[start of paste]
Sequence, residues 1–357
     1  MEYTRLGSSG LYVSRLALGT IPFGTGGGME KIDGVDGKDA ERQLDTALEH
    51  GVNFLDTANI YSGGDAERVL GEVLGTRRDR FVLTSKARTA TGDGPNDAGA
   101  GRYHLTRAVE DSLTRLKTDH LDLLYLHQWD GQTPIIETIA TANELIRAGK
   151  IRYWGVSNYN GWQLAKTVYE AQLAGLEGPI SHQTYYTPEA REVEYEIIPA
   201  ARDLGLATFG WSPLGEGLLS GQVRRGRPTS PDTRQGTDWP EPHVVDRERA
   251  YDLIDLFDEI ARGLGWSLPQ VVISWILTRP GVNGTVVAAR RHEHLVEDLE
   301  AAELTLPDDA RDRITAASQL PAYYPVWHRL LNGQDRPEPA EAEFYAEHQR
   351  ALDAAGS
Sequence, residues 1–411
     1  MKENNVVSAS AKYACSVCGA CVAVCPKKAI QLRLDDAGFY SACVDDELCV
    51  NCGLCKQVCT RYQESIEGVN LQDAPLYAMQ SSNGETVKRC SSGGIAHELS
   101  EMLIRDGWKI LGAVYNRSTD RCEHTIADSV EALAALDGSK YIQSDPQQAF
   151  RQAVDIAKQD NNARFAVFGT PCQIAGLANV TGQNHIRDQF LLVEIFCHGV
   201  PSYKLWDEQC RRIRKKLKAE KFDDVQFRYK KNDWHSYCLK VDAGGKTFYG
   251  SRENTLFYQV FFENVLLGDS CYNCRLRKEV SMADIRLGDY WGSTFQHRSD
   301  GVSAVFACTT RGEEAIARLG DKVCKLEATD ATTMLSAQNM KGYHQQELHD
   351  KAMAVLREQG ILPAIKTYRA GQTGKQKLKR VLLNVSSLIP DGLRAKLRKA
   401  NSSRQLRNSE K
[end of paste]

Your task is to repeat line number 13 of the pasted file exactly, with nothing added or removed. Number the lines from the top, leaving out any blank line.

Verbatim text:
   101  EMLIRDGWKI LGAVYNRSTD RCEHTIADSV EALAALDGSK YIQSDPQQAF